Authentec Part 2 : What is lurking out there?

Paul Boldt reprises an earlier piece to uncover how Apple might incorporate Authentec fingerprint technology into future gadgets.

Authentec RF Sensing Principle

Image courtesy Authentec

In the last look at Authentec, Apple’s integration of a fingerprint sensor into their design strategy was presented as central.  Namely, it does not seem very “Apple” to have a stand-alone extra “thing”.  Certainly one approach to this end would be the integration of any sensor into existing features/surfaces.  One could envision a roadmap for incorporating a capacitance sensor into existing touch surfaces.  There is also the possibility that another sensor technology peeked Apple’s interest.  A technology that might be more seamlessly integrated into their devices. 

One technology that has come to light is Authentec’s RF imaging technology. Apple loves wireless and it may just be a technology that can provide a more seamless integration.  In particular this slide deck on AuthenTec’s TruePrintTM reared its head.  Time to take a look. 
Basics of RF imaging technology are presented, for example, in Slide 2 of the above-mentioned slide deck.  An AC signal generator is connected between two conductive plates, forming an electric field therebetween.  If one of these plates is corrugated this shape will be imparted on the field.  In this application the conductive, corrugated plate is a finger.  Now with the placement of an antenna array between the plates one can detect the ridges and valleys of the fingers. As long as one makes electrical contact with the finger this seems like a neat means of imaging a fingerprint.

A bit more poking around finds US patent 5,940,526 (‘526) describing an electric field fingerprint sensor.  In passing it was interesting to note the ‘526 patent was first assigned to Harris Corporation (I knew Melbourne, Florida sounded familiar).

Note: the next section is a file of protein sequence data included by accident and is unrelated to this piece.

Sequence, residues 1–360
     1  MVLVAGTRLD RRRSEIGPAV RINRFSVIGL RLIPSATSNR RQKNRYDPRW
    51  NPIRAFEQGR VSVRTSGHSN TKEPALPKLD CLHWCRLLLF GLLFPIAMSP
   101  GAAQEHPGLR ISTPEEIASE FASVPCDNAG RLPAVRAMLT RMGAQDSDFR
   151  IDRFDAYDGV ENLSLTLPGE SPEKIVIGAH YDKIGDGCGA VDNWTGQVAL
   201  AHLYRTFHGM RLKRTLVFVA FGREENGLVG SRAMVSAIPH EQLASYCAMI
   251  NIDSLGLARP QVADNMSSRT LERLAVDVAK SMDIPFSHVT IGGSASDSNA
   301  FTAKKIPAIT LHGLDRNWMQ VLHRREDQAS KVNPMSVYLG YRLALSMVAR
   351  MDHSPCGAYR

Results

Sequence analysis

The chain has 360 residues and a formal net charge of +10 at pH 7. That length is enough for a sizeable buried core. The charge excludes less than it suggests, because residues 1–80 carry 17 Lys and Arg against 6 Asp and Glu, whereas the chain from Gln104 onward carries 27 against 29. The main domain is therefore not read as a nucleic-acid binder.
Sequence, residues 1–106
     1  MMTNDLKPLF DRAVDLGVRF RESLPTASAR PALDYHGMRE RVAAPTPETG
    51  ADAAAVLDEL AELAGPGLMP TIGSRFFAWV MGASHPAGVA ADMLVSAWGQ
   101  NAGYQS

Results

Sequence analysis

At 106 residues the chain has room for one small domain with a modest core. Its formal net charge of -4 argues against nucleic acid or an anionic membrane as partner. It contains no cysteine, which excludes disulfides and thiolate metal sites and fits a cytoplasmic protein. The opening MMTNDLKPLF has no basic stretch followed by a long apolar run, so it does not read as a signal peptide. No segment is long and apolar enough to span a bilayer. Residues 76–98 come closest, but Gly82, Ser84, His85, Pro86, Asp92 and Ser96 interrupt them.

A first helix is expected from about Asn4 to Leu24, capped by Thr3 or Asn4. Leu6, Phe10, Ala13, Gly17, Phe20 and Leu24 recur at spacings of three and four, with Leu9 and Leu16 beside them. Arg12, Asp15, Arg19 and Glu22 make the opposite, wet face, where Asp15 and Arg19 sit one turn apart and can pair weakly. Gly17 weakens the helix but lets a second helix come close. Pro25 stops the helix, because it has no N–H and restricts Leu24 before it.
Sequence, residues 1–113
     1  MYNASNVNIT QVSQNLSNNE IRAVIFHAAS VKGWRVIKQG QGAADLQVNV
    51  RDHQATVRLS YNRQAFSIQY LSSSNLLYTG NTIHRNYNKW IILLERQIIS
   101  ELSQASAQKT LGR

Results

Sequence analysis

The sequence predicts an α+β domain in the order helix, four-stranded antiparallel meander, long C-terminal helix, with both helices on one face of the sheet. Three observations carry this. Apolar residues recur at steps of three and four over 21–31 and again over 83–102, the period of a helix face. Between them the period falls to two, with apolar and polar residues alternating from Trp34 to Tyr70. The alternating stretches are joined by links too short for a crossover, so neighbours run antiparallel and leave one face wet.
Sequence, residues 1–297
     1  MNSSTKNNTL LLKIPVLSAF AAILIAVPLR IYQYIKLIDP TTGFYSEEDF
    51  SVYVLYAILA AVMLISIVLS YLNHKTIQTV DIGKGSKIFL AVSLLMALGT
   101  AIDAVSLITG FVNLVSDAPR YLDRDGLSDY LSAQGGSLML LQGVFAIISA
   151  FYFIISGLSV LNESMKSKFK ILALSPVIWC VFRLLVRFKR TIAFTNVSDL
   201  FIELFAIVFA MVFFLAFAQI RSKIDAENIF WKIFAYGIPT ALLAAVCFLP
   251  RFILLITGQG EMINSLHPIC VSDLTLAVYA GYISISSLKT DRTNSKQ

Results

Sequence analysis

There is still an integration issue as one needs to make electrical contact with the finger while maintaing RF transparency.  Both the slide deck and the ‘526 disclose a conductive ring around the RF transparent surface.  This again does not seem very Apple.  These extra two rings would likely be rejected by the product designers.  But, I am going to throw one more thing in the mix, Liquidmetal. While they have been in a licensing relationship, now extended, since 2010 there have not been any meaning products as yet. Of interest here are the persistent rumours that Liquidmetal is RF transparent. At this point this particular feature is not easily confirmed and I have not spent cycles thinking about the first principles. That said this would be one more feature that could make RF transparency relatively difficult to verify through public sources.  
There is however still one thing that jumps out in all this – the dates.  The ‘526 patent was filed in 1997 and the slide deck has a June 2002 date associated with it.  This is not new technology,  suggesting there may still be some piece of the puzzle holding back its adoption, a piece that may have just been solved.